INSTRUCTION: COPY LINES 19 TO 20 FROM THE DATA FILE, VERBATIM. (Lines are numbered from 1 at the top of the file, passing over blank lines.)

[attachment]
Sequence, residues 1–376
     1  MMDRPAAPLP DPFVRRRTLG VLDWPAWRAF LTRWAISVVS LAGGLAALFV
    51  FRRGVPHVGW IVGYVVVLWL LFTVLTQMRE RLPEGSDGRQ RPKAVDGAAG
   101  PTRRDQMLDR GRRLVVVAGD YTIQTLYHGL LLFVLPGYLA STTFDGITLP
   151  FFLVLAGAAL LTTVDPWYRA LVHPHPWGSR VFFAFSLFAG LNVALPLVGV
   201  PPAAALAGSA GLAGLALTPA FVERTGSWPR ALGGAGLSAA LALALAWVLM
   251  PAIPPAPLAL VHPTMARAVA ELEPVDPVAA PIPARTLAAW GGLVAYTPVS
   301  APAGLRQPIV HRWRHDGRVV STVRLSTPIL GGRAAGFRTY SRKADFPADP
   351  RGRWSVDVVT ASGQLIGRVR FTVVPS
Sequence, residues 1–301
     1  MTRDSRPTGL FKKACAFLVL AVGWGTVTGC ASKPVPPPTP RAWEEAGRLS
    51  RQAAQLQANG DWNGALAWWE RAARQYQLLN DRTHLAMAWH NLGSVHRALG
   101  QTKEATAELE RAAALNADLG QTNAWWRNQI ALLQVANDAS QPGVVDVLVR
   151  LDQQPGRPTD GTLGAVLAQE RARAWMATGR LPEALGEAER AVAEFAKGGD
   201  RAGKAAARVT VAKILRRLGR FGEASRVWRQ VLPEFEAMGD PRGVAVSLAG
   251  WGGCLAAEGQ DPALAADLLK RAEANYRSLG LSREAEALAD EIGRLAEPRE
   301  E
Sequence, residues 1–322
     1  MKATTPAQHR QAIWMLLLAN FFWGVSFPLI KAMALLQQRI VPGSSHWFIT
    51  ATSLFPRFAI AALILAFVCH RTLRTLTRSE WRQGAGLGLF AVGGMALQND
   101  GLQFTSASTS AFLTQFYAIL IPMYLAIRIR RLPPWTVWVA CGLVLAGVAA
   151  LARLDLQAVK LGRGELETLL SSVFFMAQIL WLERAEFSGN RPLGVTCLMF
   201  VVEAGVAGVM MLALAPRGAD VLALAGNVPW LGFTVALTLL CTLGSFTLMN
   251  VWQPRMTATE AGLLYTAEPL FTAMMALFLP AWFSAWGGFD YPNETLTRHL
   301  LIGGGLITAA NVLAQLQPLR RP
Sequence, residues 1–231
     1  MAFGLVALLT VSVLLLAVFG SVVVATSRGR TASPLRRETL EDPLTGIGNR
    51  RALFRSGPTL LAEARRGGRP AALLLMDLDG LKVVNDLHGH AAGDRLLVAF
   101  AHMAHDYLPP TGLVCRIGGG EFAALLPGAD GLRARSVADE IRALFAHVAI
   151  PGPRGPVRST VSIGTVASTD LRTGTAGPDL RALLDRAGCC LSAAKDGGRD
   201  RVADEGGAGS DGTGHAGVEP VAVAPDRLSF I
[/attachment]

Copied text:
     1  MKATTPAQHR QAIWMLLLAN FFWGVSFPLI KAMALLQQRI VPGSSHWFIT
    51  ATSLFPRFAI AALILAFVCH RTLRTLTRSE WRQGAGLGLF AVGGMALQND